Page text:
Tuesday, 26 March 2019

Questions (101)

Willie Penrose


101. Deputy Willie Penrose asked the Minister for Agriculture, Food and the Marine his views on whether Ireland should prioritise protected geographical indication status for suckler beef in order that it could be marketed as a niche speciality product rather than making a generic application for all Irish beef. [13963/19]

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Written answers (Question to Agriculture)

I am very conscious of the role played by suckler farming in sustaining the rural economy and rural communities across Ireland.

A Protected Geographical Indication (PGI), as referred to by the Deputy, is a product, which must be produced, processed or prepared in a particular geographical area, and where a specific quality reputation, or other characteristics are attributable to that area. I believe that such schemes can provide a positive economic opportunity for producers and for rural areas. An application can be submitted by, or on behalf of, a group of producers.

My Department recently organised a workshop on Geographical Indications, with participation by the EU Commission and a range of stakeholders, at which the possibility of applying for a PGI for Irish beef was explored.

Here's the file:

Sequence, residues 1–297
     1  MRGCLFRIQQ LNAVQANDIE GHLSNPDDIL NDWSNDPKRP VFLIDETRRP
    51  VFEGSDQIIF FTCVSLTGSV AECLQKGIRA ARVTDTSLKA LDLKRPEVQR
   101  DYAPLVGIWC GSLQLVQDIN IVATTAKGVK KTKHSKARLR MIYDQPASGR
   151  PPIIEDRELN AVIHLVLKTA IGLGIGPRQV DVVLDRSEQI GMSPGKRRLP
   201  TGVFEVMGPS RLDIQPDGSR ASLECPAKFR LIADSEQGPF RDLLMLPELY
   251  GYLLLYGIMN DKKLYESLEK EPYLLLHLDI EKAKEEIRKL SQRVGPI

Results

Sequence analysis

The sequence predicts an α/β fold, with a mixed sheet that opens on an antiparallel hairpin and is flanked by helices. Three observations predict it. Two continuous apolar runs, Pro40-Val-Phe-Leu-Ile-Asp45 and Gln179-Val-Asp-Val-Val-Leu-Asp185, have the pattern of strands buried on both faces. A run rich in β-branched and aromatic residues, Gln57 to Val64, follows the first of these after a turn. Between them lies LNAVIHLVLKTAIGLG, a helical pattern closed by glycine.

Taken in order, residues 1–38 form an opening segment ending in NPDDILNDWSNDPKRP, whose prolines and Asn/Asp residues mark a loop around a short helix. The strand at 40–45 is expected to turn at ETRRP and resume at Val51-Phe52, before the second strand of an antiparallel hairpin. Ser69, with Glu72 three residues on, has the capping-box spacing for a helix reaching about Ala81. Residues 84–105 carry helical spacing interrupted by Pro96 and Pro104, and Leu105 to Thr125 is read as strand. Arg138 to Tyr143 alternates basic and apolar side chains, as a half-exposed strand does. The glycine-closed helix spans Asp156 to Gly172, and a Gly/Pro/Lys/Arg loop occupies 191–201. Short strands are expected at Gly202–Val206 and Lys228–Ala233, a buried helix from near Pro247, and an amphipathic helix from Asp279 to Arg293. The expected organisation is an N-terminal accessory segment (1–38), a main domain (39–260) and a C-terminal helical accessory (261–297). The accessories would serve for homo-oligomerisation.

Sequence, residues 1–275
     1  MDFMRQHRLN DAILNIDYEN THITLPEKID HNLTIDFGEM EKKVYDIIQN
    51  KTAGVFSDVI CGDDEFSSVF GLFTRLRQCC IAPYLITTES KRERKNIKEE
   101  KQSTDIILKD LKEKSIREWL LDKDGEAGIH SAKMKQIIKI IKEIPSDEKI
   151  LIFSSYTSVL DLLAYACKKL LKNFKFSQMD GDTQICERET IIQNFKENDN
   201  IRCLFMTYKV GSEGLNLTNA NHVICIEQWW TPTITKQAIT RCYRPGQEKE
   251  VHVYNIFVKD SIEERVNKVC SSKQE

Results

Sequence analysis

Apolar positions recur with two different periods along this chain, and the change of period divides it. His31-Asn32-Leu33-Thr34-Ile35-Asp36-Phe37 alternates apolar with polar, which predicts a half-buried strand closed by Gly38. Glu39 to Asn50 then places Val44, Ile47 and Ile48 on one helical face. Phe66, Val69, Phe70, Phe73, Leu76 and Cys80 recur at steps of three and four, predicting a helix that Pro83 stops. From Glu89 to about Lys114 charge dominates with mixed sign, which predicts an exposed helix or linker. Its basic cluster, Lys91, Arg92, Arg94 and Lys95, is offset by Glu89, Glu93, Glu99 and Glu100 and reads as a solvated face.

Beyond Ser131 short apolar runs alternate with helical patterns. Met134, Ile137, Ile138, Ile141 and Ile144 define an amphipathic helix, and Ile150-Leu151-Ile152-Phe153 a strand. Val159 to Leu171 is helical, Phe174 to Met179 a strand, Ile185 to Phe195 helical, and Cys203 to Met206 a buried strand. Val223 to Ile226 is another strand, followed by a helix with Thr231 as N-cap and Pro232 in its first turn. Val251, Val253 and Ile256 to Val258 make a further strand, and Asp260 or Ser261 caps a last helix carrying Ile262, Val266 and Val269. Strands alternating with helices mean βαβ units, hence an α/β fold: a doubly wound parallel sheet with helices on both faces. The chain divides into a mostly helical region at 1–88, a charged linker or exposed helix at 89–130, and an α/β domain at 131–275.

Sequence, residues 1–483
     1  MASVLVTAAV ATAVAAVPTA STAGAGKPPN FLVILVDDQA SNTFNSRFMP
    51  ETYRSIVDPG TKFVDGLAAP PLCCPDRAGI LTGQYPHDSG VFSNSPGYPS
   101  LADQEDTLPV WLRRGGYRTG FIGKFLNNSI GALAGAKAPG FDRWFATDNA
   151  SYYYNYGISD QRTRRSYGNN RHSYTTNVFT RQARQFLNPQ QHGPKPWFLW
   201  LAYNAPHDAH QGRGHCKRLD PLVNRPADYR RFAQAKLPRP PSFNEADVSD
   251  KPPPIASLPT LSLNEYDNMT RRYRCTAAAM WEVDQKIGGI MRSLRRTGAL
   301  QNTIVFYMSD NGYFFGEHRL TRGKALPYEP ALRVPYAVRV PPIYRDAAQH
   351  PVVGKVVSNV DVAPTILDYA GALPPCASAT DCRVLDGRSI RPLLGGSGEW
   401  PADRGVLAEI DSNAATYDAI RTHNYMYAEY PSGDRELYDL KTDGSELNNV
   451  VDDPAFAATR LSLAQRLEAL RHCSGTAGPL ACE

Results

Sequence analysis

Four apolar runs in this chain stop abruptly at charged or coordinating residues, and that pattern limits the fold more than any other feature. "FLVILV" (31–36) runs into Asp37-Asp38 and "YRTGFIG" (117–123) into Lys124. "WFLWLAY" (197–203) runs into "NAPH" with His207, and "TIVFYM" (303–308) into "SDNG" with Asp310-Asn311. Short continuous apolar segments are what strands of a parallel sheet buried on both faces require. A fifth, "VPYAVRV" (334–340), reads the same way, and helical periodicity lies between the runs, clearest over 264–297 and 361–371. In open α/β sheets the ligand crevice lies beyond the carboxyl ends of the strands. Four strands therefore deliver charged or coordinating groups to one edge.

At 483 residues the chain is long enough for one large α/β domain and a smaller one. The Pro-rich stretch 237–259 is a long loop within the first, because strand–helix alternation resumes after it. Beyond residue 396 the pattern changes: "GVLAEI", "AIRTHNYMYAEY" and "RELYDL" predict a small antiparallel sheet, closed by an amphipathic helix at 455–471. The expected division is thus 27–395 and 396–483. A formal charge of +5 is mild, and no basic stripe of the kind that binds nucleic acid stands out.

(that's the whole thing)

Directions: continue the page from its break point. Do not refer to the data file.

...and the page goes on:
PGI status requires products to be produced in accordance with a particular technical specification and producers are required to meet that specification to ensure production meets the quality standards set.

Where there are large numbers of producers, therefore, it can be a significant undertaking requiring a disciplined and harmonised approach to production and its verification. Nevertheless, there can be significant marketing advantages and there was very positive feedback from participants at the workshop. My officials are further examining the key elements required in such an application, in consultation with stakeholders.

An application can only be submitted by, or on behalf of, a group of producers. A formal national consultation period is also required.